Arts Design & Architecture

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Now showing 1 - 5 of 5
  • (2023) Stirling, Robert
    In Australia, there is no standardised approach to measuring performance of alcohol and other drug (AOD) treatment services. Non-government organisations (NGOs) that provide AOD treatment in Australia manage contracts from multiple funding sources, with performance measures varying between funders. They have reported a high reporting burden and inconsistent expectations from different funders to demonstrate accountability. The primary aim of this thesis was to establish a list of performance measures that are acceptable to service users, treatment providers, and funders; explore approaches to improve implementation of performance measures; and make recommendations to funders of non-government AOD treatment. The research approach involved three phases: 1) an assessment by three independent raters of existing measures used in contracts against best practice; 2) focus groups with service users, treatment providers, and funders (n=10 focus groups) to identify the most important performance measures among diverse stakeholders and explore the challenges associated with implementation; 3) a Delphi process with a purposeful sample of service users, treatment providers, and funders to prioritise a core set of performance measures. Phase One found over 500 unique measures used in contracts for AOD treatment services, with most not adhering to best practice. Further, the majority were output and process measures. In Phase Two, focus groups identified that access, outcome, and experience measures were the most important measurement types across all stakeholder groups, with structural measures also important to service users. In Phase Three, 17 performance measures reached consensus. In contrast to Phase One, the final set were mostly outcome, access, and structural measures (n= 11/17) with only one measure each for output and process. Further, key findings from the focus groups highlighted that identification of measures is only part of a robust performance measurement system. Support systems for collecting, analysing, interpreting, and reporting performance data are also needed. At the policy-level, implementation of the final set of measures can improve accountability of public funds, and support the collection of standardised performance-related data to inform funding decisions and treatment planning. At the practice-level, the measures have the potential to reduce reporting burden, improve organisational efficiency, and inform quality improvement initiatives.

  • (2023) Bhaumik, Soumyadeep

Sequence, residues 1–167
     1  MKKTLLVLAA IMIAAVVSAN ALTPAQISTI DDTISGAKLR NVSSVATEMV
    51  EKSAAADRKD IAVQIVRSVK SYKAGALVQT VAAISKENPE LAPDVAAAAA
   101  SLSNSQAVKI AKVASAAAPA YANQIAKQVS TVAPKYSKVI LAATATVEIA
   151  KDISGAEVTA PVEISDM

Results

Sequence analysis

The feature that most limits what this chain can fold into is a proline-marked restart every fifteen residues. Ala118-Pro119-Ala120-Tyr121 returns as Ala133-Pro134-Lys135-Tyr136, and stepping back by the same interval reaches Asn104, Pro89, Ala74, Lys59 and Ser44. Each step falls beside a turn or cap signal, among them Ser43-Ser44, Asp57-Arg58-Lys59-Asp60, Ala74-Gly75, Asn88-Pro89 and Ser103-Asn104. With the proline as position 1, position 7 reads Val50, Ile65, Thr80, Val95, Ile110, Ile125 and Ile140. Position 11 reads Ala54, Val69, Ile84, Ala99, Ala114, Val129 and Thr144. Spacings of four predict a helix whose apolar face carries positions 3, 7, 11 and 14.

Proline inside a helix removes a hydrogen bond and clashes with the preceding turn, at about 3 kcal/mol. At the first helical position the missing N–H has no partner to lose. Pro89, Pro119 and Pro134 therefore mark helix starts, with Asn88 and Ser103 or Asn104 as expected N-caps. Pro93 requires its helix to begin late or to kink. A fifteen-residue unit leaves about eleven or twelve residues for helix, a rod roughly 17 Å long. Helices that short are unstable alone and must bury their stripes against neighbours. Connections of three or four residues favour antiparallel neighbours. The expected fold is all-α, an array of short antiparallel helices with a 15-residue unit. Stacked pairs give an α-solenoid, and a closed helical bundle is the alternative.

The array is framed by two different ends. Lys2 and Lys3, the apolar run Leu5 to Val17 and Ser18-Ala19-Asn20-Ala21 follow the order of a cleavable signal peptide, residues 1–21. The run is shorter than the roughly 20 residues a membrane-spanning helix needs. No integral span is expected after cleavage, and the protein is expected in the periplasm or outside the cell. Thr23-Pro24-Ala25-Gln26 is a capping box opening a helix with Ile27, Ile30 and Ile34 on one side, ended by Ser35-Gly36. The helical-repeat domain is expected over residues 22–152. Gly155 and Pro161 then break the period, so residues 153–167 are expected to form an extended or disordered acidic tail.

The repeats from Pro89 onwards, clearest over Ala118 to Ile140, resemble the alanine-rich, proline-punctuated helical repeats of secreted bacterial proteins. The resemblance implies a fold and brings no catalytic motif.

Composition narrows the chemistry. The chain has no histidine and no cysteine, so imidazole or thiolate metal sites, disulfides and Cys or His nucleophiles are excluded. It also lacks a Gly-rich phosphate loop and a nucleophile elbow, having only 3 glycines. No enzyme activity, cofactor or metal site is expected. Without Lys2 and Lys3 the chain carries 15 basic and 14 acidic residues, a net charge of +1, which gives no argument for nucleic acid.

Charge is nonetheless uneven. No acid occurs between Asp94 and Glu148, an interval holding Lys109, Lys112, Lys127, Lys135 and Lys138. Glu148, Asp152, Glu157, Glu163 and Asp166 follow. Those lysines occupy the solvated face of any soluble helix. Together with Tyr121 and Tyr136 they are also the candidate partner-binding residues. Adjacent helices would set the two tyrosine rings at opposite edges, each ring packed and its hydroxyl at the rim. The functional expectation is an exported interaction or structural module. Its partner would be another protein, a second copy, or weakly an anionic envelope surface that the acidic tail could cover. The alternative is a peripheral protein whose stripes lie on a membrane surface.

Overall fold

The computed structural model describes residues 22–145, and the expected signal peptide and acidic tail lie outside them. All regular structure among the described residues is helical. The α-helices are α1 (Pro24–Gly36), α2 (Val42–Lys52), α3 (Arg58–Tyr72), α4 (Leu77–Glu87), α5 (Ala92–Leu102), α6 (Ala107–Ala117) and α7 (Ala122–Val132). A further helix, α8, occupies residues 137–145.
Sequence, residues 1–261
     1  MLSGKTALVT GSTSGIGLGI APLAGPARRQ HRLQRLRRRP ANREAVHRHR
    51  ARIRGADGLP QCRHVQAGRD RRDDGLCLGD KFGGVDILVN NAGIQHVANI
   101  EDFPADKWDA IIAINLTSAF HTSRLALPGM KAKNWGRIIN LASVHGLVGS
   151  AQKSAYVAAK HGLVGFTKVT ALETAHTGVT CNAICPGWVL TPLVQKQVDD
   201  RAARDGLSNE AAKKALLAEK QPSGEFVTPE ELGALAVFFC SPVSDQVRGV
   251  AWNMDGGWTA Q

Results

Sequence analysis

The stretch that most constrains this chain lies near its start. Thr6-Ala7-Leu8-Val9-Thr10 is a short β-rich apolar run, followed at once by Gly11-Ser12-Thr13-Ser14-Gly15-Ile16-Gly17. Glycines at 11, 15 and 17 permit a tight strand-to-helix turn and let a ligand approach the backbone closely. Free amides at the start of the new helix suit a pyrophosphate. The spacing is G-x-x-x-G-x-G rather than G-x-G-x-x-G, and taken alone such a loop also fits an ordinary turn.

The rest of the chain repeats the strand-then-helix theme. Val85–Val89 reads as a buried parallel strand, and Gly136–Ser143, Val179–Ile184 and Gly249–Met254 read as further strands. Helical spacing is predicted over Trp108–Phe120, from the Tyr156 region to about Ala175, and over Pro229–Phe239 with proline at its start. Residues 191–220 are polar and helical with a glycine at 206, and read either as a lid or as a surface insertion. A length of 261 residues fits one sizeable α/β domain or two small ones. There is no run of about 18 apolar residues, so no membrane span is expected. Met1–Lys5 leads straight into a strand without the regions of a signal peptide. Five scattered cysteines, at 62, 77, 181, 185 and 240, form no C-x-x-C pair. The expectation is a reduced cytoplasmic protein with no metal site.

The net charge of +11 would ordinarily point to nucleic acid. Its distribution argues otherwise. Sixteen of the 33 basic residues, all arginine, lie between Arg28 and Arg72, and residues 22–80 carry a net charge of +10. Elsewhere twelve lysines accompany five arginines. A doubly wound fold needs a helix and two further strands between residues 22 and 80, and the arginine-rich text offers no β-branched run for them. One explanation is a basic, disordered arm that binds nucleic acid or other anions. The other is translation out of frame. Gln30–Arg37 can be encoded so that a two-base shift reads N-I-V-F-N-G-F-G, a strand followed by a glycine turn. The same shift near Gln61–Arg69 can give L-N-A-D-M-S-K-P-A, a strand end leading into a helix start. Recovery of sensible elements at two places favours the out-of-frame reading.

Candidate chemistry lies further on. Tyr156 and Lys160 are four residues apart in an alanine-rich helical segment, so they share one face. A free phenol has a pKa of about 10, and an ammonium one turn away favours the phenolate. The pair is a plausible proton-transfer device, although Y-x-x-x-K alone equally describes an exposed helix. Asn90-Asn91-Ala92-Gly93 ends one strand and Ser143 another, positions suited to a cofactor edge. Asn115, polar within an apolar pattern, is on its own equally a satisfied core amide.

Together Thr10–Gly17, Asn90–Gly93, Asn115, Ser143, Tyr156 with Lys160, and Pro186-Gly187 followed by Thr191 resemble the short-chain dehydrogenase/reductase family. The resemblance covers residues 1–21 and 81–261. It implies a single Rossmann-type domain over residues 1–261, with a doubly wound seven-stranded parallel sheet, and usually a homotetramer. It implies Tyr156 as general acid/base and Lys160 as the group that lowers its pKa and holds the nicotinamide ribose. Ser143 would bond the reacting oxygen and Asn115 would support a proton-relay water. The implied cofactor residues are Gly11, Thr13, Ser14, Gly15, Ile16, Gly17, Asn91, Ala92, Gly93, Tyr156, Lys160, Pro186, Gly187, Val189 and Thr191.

Introduction The World Health Organization (WHO) estimates 5.4 million snakebites annually. In 2019, WHO released a strategy to halve the burden of snakebite by 2030. This doctoral research aimed to generate practice and policy relevant evidence at three levels: globally, by understanding the prioritisation process in the WHO; nationally, in India, by evaluating the primary health care (PHC) system; and regionally, in South Asia, by fostering research on treatments. Methods To understand the global prioritisation of snakebite, I conducted a policy analysis, using interviews and documents as data sources. To evaluate health systems in India, I analysed secondary data for the first nationwide assessment of structural capacity and continuum of snakebite care. To understand health systems resilience, I used quantitative (analysis of facility-level data) and qualitative (interviews) approaches to understand the effects of COVID-19 and conducted an evidence synthesis on the effect of climate change. Through an overview of systematic reviews of treatments, I identified the need for a core outcome set (COS) on snakebite. I developed a COS for snakebite research in South Asia, by conducting a systematic review of outcomes and a Delphi survey. Results The policy analysis identified factors which enabled prioritisation of snakebite, and identified unaddressed challenges of sustaining legitimacy, and acceptance within the neglected tropical disease community. I identified structural limitations of the PHC system and gaps in referral pathways, in India. Relevant to the context, I report, how COVID-19 accentuated existing barriers, and identified that the choice of provider is a complex process with multiple factors interplaying. Evidence synthesis indicates the need to prepare health systems for possible geographic shifts in snakebite burden due to climate change. The overview of systematic reviews identified gaps in the evidence ecosystem. By developing a COS for future intervention research on snakebite treatments, I addressed the gap of non-standardised measurement of outcomes. Conclusion The findings of the thesis, provides contextually relevant evidence aligned with pillars of the WHO strategy, to practice and policy at global, national, sub-national, and program level. The policy analysis and COS work provides broader methodological insights, beyond snakebite.